The development of free labor ideology also turned out to be rather a beneficial alteration for the creation of a new party. It underlined Americans’ desire to abolish slavery. A part of the population supported this belief because the connection between the image of the country and free labor was establishing. Frederic Douglas wanted to avoid misunderstandings and tried to allow the states make a personal decision regarding this question. Such intervention led to Bleeding Kansas and turned out to be advantageous for Republicans, as Missourians would come to Kansas to vote for slavery6.

Of course, the American presidents were also involved in this process. Douglas, who expected to be reelected, suddenly faced strong opposition from Lincoln while campaigning for a place in the Illinois’s senate. Lincoln underlined moral fervor of the issue and resorted to the Constitution to support his views, which had the positive influence on the people’s perceptions. Even though Douglas with his value of self-government and self-determination was reelected, Republicans obtained their auditory7. Finally, with the election of Lincoln as a President determined the road to secession, as the South would believe that its interests were not supported and its rights were not recognized.

All in all, it can be stated that Democrats wanted the government to let the states be free, while Republicans wanted to be supported. The Democratic Party paid more attention to agriculture, while the Republican one focused on manufacturing. Democrats were against slavery abolition, but Republicans were for it8.

Thus, it can be concluded that the Republican Party emerged due to the development of different views considering slavery. It gathered the representatives of other political parties that fell apart at that time and turned into one of the leading parties in the country just in two years. The party believed that slavery should not spread to new territories even though it was not concerned about its total abolition. They thought that new territories could turn into the land of second chances for poor people.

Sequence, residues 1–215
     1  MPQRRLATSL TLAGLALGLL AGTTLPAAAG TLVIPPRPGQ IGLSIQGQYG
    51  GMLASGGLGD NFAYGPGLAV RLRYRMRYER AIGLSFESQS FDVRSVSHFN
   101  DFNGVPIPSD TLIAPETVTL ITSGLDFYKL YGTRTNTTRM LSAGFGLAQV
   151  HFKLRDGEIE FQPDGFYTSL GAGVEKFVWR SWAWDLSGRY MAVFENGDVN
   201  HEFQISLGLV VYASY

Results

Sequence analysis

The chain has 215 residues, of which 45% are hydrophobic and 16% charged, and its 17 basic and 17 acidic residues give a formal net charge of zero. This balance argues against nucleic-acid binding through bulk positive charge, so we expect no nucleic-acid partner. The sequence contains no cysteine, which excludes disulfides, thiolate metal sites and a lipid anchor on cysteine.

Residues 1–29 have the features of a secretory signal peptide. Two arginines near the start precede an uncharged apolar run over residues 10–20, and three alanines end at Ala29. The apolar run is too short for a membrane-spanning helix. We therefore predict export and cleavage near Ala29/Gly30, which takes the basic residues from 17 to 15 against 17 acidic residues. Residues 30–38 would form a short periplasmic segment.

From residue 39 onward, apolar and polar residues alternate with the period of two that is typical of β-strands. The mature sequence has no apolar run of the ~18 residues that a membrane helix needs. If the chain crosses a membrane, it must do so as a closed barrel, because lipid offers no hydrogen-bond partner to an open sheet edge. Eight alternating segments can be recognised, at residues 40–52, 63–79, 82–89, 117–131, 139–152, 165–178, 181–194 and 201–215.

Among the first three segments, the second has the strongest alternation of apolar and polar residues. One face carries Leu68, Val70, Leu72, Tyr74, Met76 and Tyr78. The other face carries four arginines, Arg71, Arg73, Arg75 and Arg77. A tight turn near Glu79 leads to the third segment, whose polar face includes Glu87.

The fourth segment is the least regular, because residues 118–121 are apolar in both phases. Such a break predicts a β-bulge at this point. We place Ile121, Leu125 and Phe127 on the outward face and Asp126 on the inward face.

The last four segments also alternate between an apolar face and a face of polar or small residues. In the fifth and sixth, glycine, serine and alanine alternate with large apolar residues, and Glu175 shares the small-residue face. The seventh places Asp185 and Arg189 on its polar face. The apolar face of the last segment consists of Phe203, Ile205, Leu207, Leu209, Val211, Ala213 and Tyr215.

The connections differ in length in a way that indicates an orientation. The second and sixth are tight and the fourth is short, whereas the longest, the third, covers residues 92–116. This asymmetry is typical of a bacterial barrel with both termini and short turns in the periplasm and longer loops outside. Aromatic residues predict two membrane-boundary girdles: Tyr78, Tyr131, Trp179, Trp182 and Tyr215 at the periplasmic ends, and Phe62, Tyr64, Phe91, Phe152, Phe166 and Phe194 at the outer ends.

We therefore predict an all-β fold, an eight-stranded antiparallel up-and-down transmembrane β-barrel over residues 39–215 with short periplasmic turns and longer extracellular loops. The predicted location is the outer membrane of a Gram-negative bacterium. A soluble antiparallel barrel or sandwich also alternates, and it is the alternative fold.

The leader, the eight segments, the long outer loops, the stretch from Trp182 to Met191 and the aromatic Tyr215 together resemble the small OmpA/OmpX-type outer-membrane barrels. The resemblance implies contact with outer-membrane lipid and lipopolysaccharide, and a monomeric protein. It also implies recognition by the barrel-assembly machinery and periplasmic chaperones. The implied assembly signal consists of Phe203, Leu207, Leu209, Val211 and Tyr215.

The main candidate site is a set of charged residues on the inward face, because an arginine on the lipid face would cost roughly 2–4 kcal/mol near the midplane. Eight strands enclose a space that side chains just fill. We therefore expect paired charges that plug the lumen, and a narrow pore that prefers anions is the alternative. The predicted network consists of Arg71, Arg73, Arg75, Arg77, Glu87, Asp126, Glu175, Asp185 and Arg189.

Bibliography

Bates, Christopher. The Early Republic and Antebellum America. New York: Routledge, 2013.

Broadwater, Robert. Did Lincoln and the Republican Party Create the Civil War? Jefferson: McFarland, 2008.

Carnes, Mark. Historical Atlas of the United States. New York: Routledge, 2013.

Eual, Yonatan. The Young America Movement and the Transformation of the Democratic Party. New York: Cambridge University Press, 2007.

Foner, Eric. Give Me Liberty! An American History. New York: W. W. Norton & Company, 2013.

Guelzo, Allen. Lincoln and Douglas: The Debates that Defined America. New York: Simon and Schuster, 2010.

Paley, Carl. The Late, Not So Great, Republican Party. Pennsauken: BookBaby, 2014.

Wroe, Andrew. The Republican Party and Immigration Politics. New York: Springer, 2008.

Footnotes

1. Christopher Bates, The Early Republic and Antebellum America. (New York: Routledge, 2013), 997.

2. Eric Foner, Give Me Liberty! An American History. (New York: W. W. Norton & Company, 2013), 476.

3. Yonatan Eual, The Young America Movement and the Transformation of the Democratic Party. (New York: Cambridge University Press, 2007), 190.

4. Andrew Wroe, The Republican Party and Immigration Politics. (New York: Springer, 2008), 53.

5. Robert Broadwater, Did Lincoln and the Republican Party Create the Civil War? (Jefferson: McFarland, 2008), 21.

6. Mark Carnes, Historical Atlas of the United States. (New York: Routledge, 2013), 148.

7. Allen Guelzo, Lincoln and Douglas: The Debates that Defined America. (New York: Simon and Schuster, 2010), 49.

8. Carl Paley, The Late, Not So Great, Republican Party. (Pennsauken: BookBaby, 2014), 179.